Greenstone Lake with North Peak

Saddlebag Lake Hiking – to Greenstone & Hummingbird Lakes

October, it has gone by so quickly! & Between a trip to Michigan and the government shutdown I have not spent much time in the Sierra. Actually, Curtis and I were supposed to go backpacking with our friends, Jen & Ryan, over the Columbus day weekend – but without being able to get a wilderness permit we had to call off that plan. Not the type of people to let the  United States government completely derail our plans, we instead traveled across to Saddlebag Lake on the Inyo national forest to have one chilly day hike.

Yosemite National Park Closed - Thanks Congress!

At Yosemite were greeted with a flag and a closed sign (God bless this mess?). Luckily for the time being we were allowed to travel the pass if we promised to not stop.

Thankfully the ‘2013 Government Shutdown’ ended last Wednesday, meaning the national parks are once again open. If you desired it is once again possible to obtain a wilderness permit. No bets on how much longer the pass will stay open this season though, the park has temporarily shut it down at least once so far due to snowfall. Plus, did I mention it is getting cold?

Exploring in the Saddlebag Lake Area

Trailhead: Traveling out of Yosemite on Hwy 120 turn left onto Saddlebag Lake Road just beyond Tioga Lake (but prior passing Ellery Lake). The road is partially gravel, partially paved, and very drive-able even for low compact cars. Follow the road until it’s end to find Saddlebag Lake and a couple of parking lots complete with bear bins and outhouses.
Distance: We ended up hiking about 5.5 miles. Just the loop around saddlebag lake is about 4 miles long – if given more time this could become a longer day hike exploring more of the lakes.

We got a late afternoon-time start to this dayhike, beginning down the trail on the west side of the dam. There was a dusting of snow on the mountains which made this fall time hike even more beautiful – but meaning we all should have  thought about bringing waterproof boots to help clear the snow covered trail.

Topo Trail Map for Saddlebag Lake, Inyo National Forest

Saddle Bag Hike Map – Look at all those lakes still left to explore!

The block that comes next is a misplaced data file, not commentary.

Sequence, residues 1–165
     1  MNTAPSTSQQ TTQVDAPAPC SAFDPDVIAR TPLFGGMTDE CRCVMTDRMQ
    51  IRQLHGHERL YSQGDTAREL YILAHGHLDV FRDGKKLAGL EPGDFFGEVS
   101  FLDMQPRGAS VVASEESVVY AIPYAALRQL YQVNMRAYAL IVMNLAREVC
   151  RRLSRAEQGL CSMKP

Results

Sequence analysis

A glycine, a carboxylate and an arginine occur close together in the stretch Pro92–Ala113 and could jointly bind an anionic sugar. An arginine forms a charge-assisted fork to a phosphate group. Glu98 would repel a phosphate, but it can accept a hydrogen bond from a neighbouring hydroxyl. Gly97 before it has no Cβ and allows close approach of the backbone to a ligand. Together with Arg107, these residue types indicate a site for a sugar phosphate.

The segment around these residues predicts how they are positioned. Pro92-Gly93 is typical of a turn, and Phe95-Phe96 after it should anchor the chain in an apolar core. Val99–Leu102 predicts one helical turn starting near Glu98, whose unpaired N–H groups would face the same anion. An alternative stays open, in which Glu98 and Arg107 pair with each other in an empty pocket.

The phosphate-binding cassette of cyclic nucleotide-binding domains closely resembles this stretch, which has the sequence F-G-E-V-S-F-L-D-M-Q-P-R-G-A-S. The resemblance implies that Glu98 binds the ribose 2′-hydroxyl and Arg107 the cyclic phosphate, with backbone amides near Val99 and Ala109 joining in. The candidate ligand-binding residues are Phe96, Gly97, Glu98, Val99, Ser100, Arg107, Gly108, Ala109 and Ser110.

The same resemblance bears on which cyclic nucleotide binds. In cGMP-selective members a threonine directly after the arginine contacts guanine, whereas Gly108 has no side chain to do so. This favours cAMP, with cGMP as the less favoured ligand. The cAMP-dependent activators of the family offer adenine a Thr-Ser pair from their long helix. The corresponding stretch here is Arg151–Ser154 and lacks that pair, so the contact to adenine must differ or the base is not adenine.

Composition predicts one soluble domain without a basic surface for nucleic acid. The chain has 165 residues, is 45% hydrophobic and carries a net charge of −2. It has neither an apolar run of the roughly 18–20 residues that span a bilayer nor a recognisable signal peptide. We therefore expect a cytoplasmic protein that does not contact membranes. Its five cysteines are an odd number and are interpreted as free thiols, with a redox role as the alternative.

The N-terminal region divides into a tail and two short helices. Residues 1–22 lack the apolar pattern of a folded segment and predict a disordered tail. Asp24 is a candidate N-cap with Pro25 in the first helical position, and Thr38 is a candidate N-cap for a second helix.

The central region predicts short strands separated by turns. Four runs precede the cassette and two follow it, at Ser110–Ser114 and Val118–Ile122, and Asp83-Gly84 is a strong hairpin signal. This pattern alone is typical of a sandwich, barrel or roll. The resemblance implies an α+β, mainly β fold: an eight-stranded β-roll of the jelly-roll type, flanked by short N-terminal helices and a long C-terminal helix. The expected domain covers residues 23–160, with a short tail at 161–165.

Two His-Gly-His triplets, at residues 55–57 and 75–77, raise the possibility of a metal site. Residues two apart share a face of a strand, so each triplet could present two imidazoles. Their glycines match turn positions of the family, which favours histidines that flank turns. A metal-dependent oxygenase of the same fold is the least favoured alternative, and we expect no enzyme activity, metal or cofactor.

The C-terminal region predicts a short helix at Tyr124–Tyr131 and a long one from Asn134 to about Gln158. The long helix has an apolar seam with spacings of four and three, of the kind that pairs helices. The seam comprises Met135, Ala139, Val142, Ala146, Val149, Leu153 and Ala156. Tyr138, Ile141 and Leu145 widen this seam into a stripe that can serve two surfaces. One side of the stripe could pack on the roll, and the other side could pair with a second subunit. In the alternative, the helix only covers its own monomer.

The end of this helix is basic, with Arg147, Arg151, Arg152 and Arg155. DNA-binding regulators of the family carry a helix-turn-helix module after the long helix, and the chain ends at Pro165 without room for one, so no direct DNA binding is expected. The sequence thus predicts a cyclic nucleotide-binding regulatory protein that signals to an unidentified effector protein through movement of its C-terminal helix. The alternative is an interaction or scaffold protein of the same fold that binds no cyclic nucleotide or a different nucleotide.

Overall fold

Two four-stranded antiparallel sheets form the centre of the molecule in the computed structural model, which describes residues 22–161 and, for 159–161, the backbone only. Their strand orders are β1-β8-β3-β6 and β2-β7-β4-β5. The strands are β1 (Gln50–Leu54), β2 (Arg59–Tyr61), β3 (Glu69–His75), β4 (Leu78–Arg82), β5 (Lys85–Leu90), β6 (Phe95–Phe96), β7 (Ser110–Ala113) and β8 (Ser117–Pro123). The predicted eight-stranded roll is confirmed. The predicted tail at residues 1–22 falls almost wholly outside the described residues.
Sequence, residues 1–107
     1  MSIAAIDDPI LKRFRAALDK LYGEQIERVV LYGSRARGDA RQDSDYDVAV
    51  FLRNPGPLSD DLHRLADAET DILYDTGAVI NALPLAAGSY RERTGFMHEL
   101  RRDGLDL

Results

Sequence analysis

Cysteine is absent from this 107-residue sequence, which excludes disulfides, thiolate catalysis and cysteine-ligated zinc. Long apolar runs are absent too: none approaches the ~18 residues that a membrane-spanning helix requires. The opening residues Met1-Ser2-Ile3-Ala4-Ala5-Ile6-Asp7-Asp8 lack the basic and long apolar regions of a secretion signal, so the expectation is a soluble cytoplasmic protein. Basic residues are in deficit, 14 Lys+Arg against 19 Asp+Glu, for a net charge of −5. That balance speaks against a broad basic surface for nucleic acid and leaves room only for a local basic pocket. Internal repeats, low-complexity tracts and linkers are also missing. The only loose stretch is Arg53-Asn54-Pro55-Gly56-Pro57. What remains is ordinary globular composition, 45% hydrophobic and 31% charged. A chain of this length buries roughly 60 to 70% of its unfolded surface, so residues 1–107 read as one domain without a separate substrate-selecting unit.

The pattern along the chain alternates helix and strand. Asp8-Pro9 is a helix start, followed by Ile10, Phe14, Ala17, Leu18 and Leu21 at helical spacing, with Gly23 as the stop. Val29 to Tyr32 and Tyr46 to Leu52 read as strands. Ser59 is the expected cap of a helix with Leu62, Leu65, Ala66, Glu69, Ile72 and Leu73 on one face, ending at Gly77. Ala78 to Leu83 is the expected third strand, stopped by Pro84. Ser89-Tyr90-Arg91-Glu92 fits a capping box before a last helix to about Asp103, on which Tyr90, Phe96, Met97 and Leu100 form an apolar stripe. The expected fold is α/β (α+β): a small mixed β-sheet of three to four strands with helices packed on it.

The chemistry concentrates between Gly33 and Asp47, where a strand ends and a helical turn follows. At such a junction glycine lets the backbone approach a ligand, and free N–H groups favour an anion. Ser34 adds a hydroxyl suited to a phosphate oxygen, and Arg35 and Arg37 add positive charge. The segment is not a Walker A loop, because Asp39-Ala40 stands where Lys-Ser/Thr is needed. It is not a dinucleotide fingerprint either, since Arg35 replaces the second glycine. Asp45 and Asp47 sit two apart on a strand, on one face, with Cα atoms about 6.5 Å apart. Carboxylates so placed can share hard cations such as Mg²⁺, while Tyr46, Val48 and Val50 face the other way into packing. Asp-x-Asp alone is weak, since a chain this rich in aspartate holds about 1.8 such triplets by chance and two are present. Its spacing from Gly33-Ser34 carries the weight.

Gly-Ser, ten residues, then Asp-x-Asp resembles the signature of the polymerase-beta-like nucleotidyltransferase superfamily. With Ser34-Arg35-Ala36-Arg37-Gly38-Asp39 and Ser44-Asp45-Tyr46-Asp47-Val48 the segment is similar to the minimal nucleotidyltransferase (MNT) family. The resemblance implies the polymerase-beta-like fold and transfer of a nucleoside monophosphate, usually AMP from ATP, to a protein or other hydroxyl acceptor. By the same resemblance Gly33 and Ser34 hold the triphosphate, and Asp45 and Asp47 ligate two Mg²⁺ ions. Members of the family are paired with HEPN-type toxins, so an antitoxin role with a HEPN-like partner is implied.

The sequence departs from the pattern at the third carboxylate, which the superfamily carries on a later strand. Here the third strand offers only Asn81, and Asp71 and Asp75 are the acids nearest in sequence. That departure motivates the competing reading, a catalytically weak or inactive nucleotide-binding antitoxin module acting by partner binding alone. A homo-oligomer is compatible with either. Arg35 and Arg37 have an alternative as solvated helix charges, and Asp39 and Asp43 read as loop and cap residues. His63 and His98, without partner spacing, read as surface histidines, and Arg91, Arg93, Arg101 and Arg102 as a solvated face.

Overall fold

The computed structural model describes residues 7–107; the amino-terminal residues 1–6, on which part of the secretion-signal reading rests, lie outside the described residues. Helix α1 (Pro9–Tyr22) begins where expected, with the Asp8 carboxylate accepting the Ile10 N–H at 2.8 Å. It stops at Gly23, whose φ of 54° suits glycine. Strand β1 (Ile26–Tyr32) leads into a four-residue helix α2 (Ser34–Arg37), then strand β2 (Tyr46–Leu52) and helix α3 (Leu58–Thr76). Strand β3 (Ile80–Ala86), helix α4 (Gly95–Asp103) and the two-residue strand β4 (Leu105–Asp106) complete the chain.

Or, as it “Surprisingly”  turns out, waterproof boots are always a good idea if you are going to step into the stream while fishing (ImNotNamingNamesButIfIDidItMightHaveBeenCurtis). The boys did not have much luck at Greenstone lake, “Catching” only a couple of nibbles from tiny trouts.  Meanwhile us ladys went to explore up the Lundy pass trail, traveling into the Hoover Wilderness. We did not spot any hummingbirds at Hummingbird lake (try again next season?) – but the view of Odell Lake was amazing. From our vista it became pretty obvious that a  through hike between Saddlebag Lake and Lundy Canyon is an excellent idea for a future 2+ day backpacking trip.

Hummingbird Lake Panorama

Hummingbird Lake, not the best lake along this trail – but if some hummingbirds showed up at the the party I could see this being the place to be.

Saddlebag Lake

Saddlebag Lake, looking South towards the dam.

Fighting for the last rays of sunshine we hurried back on the trail to the east side of the lake (which incidentally was covered in less snow). It was enjoyable a short eastside dayhike, made more majestic by the snowy sierra. A dusting of snow along the contours on talus covered peaks makes these mountains more dignified. And more chilly. It was a bummer to not be able to backpack this weekend, but perhaps for the best as it would have been a couple of frigid nights.

More photos in the Gallery below – they are a mix of regular camera shots and photos from my Samsung once the camera died. We really need to buy a backup battery!